The body of photojournalist Luis Carlos Santiago, bottom, who works for Diario de Juarez newspaper, lies in his car

CIUDAD JUAREZ, Mexico -Mexican journalists are defenseless against cartel attacks that the government seems incapable of stopping, the main newspaper in this drug war-torn city said Thursday in a front-page editorial inspired by the killing of one its photographers.

Violence, meanwhile, continued in Ciudad Juarez: Gunmen burst into a bar and killed seven men and a woman, said Arturo Sandoval, a spokesman for the Chihuahua state attorney general’s office. One woman was injured.
El Diario de Juarez said journalists have nowhere to turn for protection because of the inability of Mexican security forces to solve most attacks on the media.
“In a country where authorities have proven their incompetence, where can we ask for justice? Who can we complain to for the dangers that journalists face every day?” the newspaper said in its editorial.
Photographer Luis Carlos Santiago, 21, was gunned down in his car Wednesday. Another photographer, Carlos Sanchez, was seriously wounded.

Crime scene investigators remove the body of photojournalist Luis Carlos Santiago, who works for Diario de Juarez newspaper

The Interior Department condemned the attack and promised that investigators would do everything in their power to find those responsible.
Santiago was the second El Diario journalist slain since a turf war erupted two years ago between the Juarez and Sinaloa drug cartels in this city across from El Paso, Texas.
Crime reporter Armando Rodriguez was shot dead in front of his home in 2008, and the next year a federal agent who was investigating his death was killed.
The Committee to Protect Journalists, a New York-based watchdog group, said in a recent report that at least 22 Mexican journalists have been killed since December 2006, when President Felipe Calderon intensified a crackdown on drug cartels by deploying tens of thousands of troops and federal police across the country.

El Diario de Juarez is not one of them.
“The truth is, there is nothing we can do but keep reporting while feeling totally defenseless,” the editorial said.
The fighting in Ciudad Juarez has made it of the most dangerous cities in the world, with more than 4,000 people killed in the past two years.

The Body Of Reporter Armando Rodriguez Being Removed From His Car

Reporter Armando Rodriguez

Several Mexican newspapers have stopped reporting on drug-gang violence because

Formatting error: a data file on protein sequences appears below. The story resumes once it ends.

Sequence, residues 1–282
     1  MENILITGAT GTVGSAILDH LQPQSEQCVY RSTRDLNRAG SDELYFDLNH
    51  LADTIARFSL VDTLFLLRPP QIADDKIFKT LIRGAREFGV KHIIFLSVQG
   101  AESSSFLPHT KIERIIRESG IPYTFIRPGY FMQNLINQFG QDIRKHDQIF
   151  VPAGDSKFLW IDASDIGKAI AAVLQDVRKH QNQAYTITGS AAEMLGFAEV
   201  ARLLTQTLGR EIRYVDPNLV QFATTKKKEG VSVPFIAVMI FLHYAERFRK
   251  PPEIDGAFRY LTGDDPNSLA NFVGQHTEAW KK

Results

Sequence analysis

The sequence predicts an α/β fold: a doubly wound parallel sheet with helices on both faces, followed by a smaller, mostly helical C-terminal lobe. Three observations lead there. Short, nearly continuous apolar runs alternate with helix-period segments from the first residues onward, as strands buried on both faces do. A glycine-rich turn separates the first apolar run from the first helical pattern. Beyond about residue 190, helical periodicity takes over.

Reporter Armando Rodriguez - Protesting Violence Against Reporters Prior To His Death

their journalists were attacked.

Mexican Drug Cartel Violence: Mexican Marines arrest presumed leader of Beltran Leyva Cartel – Sergio Villarreal Barragan taken into custody

Sergio Villarreal Barragan captured in Sunday raid officials say

Mexican marines captured Sergio Villarreal Barragan, a presumed leader of the embattled Beltran Leyva cartel who appears on a list of the country’s most-wanted fugitives, in a raid Sunday in the central state of Puebla, officials said.

The presumed capo known as “El Grande” did not put up any resistance when he was arrested along with two alleged accomplices, a Navy official told The Associated Press. The official, who spoke on condition of anonymity in line with department policy, said federal officials would announce the capture shortly.

Mr. Villarreal appears on a 2009 Attorney General’s Office list of Mexico’s most-wanted drug traffickers and has a reward of just over $2-million for his capture.

He is listed as one of the remaining leaders of the Beltran Leyva cartel, whose top capo, Arturo Beltran Leyva, was killed in December in a raid by marines outside Mexico City.

Drug Cratel Violence. Young Woman Murdered & Mutilated By Cartel

Mr. Villarreal’s capture comes about two weeks after the arrest of Edgar Valdez Villarreal, or “The Barbie,” another alleged capo linked to the Beltran Leyvas.

The once-powerful Beltran Leyva cartel split following the death of Arturo — known as the “Boss of Bosses” — which launched a brutal war for control of the gang involving mass execution and beheadings in once-peaceful parts of central Mexico. The fight pitted brother Hector Beltran Leyva and Villarreal against a faction led by Edgar Valdez Villarreal. Hector Beltran Leyva remains at large.

Mr. Villarreal’s capture is the fourth major blow delivered to drug cartels by Mexico’s government in the past year. First came the death of Arturo Beltran Leyva on Dec. 16, 2009, then soldiers killed the Sinaloa cartel’s No. 3 capo, Ignacio “Nacho” Coronel, on July 29. And on Aug. 30 federal police announced the capture of “The Barbie.”

Drug Cartel Victims - Decapitated Bodies Dumped in Plaza

More than 28,000 people have been killed in Mexico since December 2006, when President Felipe Calderon launched a military offensive against the cartels soon after taking office.

In the central state of Morelos, police discovered nine bodies in clandestine graves Saturday in the same area where four more were recently found.

The Public Safety Department said in a separate statement that all 13 victims were believed to have been killed on the orders of “The Barbie” in his battle for control of the cartel.

Also Sunday, the military announced that it filed charges against four troops for the Sept. 5 shooting deaths of a man and his 15-year-old son along the highway linking the northern city of Monterrey to Laredo, Texas.

Authorities have said soldiers opened fire on the family vehicle when it failed to stop at a checkpoint, though relatives who were also in the car say they were shot at after they passed a military convoy.

The mother and wife of the two victims was also wounded in the shooting.

Cartel Violence - Decapitated Head Left in Plaza

A captain, a corporal and two infantrymen are in custody in military prison and have been charged with homicide, the Defence Department said in a statement.

Mexico’s military was already under scrutiny for this year’s killings of two brothers, ages 5 and 9, on a highway in Tamaulipas, a state bordering Nuevo Leon.

The National Human Rights Commission has accused soldiers of shooting the children and altering the scene to try to pin the deaths on drug cartel gunmen.

The army denies the allegations and says the boys were killed in the crossfire of a shootout between soldiers and suspected traffickers.

The scandal renewed demands from activists that civilian authorities, not the army, investigate human rights cases involving the military.

http://www.theglobeandmail.com/news/world/americas/mexican-marines-arrest-presumed-leader-of-beltran-leyva-cartel/article1704715/?cmpid=rss1

Follow

Get every new post delivered to your Inbox.

%d bloggers like this: